Belts, Bulk Engineering, Conveyors

ESS Engineering makes an impact with the cradle

The conveyor belt is the most crucial component in efficient bulk materials movement and the single most expensive component in the conveyor belt system. 

The conveyor belt is the most crucial component in efficient bulk materials movement and the single most expensive component in the conveyor belt system. 

Damage to the conveyor belt shortens its life and cuts into profits. While all conveyor belts will wear out over time, damage should be avoided where possible to ensure a reasonable return on investment. Bulk solids impacting the conveyor can cause accelerated damage to the idlers, structure and belt. 

An impact bed is located underneath the belt at the impact zone, and it is designed to support the belt and helps absorb the impact of falling material. Impact beds also decrease the tendency of sharp edges of material piercing the belt. 

These cradles usually comprise a set of individual impact-absorbing bars assembled into a steel support framework. The bars are made of durable elastomeric materials that combine a slick top surface, allowing the belt to skim over it, and sponge-like secondary layers to absorb the impact energy.

ESS has a long history of designing, manufacturing, installing, and maintaining ESS GAB Impact Cradles. However, the custom nature of these impact beds has meant that the price point was prohibitive to smaller operations and was generally supplied to heavy-duty applications where they saw the best return on investment for clients. 

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ESS now has a modular design for light-duty and medium-duty applications to make impact beds available to the broader market. 

ESS research and development engineer Alex Adl said that the new impact cradle design would be close to 40 per cent cheaper than the previous module because the design was less labour-intensive and easier to produce.

ESS aimed to streamline the design process by creating a calculator that uses variables including material size, belt speed, belt width and drop height to determine whether the application needs a medium or light-duty impact cradle.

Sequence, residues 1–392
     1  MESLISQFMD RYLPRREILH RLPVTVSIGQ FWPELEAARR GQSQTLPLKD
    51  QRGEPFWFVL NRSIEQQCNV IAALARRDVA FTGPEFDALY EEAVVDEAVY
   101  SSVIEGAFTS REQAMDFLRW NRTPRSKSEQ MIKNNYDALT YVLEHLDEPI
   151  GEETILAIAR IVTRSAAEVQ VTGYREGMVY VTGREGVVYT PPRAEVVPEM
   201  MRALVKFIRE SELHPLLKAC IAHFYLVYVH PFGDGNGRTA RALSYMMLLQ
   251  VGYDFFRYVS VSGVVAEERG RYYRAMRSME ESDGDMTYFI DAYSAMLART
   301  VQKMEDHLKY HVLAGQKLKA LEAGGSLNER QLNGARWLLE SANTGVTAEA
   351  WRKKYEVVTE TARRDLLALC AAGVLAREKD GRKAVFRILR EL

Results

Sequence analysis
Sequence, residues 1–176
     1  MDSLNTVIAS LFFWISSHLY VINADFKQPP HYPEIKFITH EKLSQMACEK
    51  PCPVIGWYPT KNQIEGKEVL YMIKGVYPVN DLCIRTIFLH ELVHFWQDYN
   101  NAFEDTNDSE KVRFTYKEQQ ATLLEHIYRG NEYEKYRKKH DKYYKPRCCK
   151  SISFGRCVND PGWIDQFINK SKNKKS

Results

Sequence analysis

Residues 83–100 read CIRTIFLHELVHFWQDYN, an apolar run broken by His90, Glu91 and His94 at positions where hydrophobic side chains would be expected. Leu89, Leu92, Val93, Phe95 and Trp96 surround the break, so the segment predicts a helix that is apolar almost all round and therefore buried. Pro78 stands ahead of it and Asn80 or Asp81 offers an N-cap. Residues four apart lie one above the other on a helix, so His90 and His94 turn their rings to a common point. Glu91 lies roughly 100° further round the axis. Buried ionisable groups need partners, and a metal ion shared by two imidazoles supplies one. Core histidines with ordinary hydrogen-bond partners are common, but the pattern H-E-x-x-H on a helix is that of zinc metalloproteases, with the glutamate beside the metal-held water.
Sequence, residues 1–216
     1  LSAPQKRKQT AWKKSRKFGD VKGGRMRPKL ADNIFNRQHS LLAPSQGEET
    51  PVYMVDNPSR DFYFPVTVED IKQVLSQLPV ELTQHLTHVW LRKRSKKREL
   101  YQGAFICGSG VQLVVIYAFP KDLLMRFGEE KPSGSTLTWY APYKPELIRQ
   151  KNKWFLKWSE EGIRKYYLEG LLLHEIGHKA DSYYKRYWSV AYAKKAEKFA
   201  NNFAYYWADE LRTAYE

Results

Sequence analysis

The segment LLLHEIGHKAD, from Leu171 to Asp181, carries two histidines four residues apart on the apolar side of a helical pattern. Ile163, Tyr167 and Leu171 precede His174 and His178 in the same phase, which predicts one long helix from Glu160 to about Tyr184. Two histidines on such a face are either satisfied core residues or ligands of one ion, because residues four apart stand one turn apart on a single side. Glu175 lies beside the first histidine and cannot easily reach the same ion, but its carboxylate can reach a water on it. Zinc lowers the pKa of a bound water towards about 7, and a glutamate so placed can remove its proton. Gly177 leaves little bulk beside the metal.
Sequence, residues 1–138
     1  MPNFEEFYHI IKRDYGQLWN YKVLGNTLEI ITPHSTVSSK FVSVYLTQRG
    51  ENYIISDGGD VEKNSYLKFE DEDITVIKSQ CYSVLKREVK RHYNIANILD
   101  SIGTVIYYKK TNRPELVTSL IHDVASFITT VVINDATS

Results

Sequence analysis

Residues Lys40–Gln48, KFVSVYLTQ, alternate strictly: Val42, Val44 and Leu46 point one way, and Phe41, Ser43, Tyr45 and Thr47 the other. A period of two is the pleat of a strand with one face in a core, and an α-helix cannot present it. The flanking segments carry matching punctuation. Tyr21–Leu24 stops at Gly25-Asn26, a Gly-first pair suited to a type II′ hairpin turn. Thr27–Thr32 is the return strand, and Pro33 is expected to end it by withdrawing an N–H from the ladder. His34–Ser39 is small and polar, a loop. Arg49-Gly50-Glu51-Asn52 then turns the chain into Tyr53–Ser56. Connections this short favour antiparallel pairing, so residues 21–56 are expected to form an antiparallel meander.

The company focused on making a design suitable for a wide variety of medium and light-duty applications and reduced production time.

“The result was a design that uses independent modular support frames rather than interconnected and welded support frames to house the impact bars,” Adl said. 

The modular impact beds are manufactured to provide consistent design and quality while ensuring a reduced lead time. 

Adl said there are also on-site benefits to this module design. 

“Scheduled downtime is common across all industries but none more so than those which consistently handle high degrees of bulk material,” he said.

“While inspection and preventative maintenance is always the best practice, many situations can leave companies caught in reactive situations due to unexpected breakdowns in machinery.”

Load zones and transfer points are areas of high impact and throughput critical to the bulk material handling process. If these areas break down unexpectedly, the entire operation grinds to a halt. Therefore, it is essential to minimise downtime without sacrificing safety or quality.

Impact beds are in load zones, and the impact bars or frames inevitably need to be replaced because of the high impact. Traditionally, impact cradles are bolted together, which is beneficial for the product’s overall strength (which is suitable for heavy-duty applications) but can be labour-intensive and costly to repair. ESS’ modular design for medium and light-duty applications means that downtime is reduced as only the parts that need to be repaired need to be removed.

Adl said that the modular design’s ease would allow on-site repairs and faster turnarounds for less downtime.

“If something happens on-site, you can just change the module rather than sending it all away (for repairs),” Adl said. 

“You can just undo the bolt, replace (the module), and it is done.”

This can constitute a significant cost reduction because only damaged modules must be replaced rather than the entire impact bed. This modular design also means that the impact bed can change with the application by adding and subtracting modules based on a site’s needs.  

“You can add or change [the number of modules] depending on what you need, and most importantly, it can be changed on-site,” Adl said. 

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